TAMPA — In 2011, the Hillsborough County school district took the unusual step of embracing single-gender education, establishing separate boys’ and girls’ academies in a pair of middle schools in east Tampa.
How are they doing?
Consider that Girls Preparatory Academy at Ferrell Middle Magnet School and Boys Preparatory Academy at Franklin Middle Magnet School were two of only four elementary and middle schools to jump two full grades in the state’s recent grading period — from a C to an A at Ferrell and a D to a B at Franklin.
“It’s a tremendously rewarding feeling,” said John Haley, principal at Franklin. “The energy level from our staff that we have coming back this year is night and day. We know that we are close to an A, and that’s exactly what we want to do.”
At Ferrell, “Our girls are up there performing at or above district levels,” said principal Karen French. “The bottom line is this has been a complete team effort — staff, parents, and our kids. I’m very proud of everyone.”
The schools’ success could help defuse gender stereotyping and the idea that boys and girls learn differently. Competing camps, represented by groups such as the National Association for Single Sex Public Education and the American Council for Coeducational Schooling, regularly assert and debunk research on the subject, and the issue has been the subject of numerous lawsuits.
French said that in Hillsborough, the only thing that matters is parents have a choice.
“Why would you be against it?” she said. “Single-gender in our district is a choice. It’s not a mandate. We are providing something that our parents say they want.”
Added Haley, “It’s not the best environment for every child. It’s not. There are children that thrive perfectly fine in a co-ed environment. But it’s statistically true that it is a tremendously positive environment for many students.”
At both Hillsborough schools, students wear uniforms, including neckties for boys and criss-cross ties for girls, with khakis and solid dark shoes.
At Haley’s school, boys get more slack for behavior “that is natural to boys but is very annoying to girls,” said Haley. That includes such nuances as pencil-tapping, noisemaking, and particularly, movement.
At Franklin, there are light calisthenics and “stand-up” desks for boys too antsy to sit in the standard school desk.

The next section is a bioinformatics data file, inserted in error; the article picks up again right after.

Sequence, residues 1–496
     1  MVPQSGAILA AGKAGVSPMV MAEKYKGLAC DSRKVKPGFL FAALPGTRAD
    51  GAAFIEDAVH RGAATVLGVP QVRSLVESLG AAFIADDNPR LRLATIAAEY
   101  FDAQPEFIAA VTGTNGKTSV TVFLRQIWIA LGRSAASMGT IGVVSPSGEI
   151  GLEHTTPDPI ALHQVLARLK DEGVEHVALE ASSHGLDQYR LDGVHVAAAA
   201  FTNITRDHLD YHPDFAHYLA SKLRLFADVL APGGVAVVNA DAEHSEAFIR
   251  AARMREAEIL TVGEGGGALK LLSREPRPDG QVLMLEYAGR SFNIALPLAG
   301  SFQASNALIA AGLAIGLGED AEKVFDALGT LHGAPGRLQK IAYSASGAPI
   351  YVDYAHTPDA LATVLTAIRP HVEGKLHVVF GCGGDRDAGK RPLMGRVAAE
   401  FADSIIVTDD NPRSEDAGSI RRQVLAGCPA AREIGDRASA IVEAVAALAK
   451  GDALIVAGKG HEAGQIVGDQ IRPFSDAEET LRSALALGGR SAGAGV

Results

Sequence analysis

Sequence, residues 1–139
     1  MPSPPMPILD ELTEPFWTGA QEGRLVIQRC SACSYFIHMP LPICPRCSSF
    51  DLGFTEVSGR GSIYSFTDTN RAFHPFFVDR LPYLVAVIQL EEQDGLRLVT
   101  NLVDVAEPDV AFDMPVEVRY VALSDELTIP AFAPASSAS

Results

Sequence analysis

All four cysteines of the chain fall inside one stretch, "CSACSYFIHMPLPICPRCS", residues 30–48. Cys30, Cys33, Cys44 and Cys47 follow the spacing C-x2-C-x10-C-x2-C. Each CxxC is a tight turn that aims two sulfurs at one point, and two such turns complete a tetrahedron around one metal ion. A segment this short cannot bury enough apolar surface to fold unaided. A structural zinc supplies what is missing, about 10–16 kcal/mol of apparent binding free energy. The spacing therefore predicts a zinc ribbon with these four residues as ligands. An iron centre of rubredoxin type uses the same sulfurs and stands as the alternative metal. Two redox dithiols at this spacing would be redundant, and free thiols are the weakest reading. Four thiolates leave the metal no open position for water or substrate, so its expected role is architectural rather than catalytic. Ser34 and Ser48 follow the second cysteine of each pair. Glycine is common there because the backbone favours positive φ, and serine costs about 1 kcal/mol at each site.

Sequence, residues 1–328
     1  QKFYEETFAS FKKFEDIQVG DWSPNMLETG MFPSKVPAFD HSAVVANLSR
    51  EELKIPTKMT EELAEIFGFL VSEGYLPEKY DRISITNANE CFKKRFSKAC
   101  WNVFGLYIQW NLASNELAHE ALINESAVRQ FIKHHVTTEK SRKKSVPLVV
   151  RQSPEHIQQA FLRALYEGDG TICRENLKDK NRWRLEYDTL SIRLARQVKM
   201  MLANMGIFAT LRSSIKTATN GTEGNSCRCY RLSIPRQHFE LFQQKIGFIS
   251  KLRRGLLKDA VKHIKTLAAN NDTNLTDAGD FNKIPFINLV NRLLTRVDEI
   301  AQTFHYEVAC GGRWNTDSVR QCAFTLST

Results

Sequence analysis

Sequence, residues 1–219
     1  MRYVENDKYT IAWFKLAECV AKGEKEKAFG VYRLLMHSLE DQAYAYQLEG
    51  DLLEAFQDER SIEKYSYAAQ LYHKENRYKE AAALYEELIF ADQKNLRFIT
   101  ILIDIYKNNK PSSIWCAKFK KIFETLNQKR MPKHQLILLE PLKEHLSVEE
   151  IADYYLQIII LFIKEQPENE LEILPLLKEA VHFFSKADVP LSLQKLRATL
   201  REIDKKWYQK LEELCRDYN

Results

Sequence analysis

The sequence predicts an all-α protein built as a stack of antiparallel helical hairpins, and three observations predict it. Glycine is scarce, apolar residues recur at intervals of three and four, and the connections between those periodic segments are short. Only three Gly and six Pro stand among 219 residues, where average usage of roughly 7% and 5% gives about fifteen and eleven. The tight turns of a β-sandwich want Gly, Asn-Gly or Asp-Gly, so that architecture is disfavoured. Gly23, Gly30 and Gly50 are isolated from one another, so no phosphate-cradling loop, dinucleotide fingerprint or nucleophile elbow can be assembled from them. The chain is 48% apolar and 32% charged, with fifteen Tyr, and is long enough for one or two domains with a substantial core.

A group of boys working together on a project might have one member sitting on the floor, a few at desks, and another standing and leaning against the wall.
At Ferrell, “it’s very, very important to girls that they feel connected,” French said. Girls working in a group will develop relationships. Teachers and administrators provide daily academic recognition and work with students to help them monitor their progress.
Whatever the research shows, teachers and administrators at the single-gender academies say there are significant differences between adolescent boys and girls.
“If you just take some snapshots of classrooms all over the county that are mixed-gender, the girls will rule the classroom,” said Sherri Cerni, a sixth-grade language arts teacher at Franklin. “They’ll raise their hand, they’ll participate, they’ll turn in their things on time, and the boys can get lost.
“As long as they’re not disrupting the class, they tend not to get attention. The girls dominate. So this is a place where even the shyest of kids, boys who would never get up and present, have the opportunity to do that.”
Both academy principals say the soaring school grades are just one indicator of the schools’ success. They said discipline reports are down and attendance is up. The achievement gap between minority and white students has narrowed, and those who speak English as a second language have made gains.
But leapfrogging up the grading chart is no small accomplishment, said Cerni, the language arts teacher.
“We see it every day in the classroom — we know they’re learning. But then for the data to come through, to prove that the evidence is there, it’s just the most gratifying, fulfilling feeling.
“It really makes you love your job.”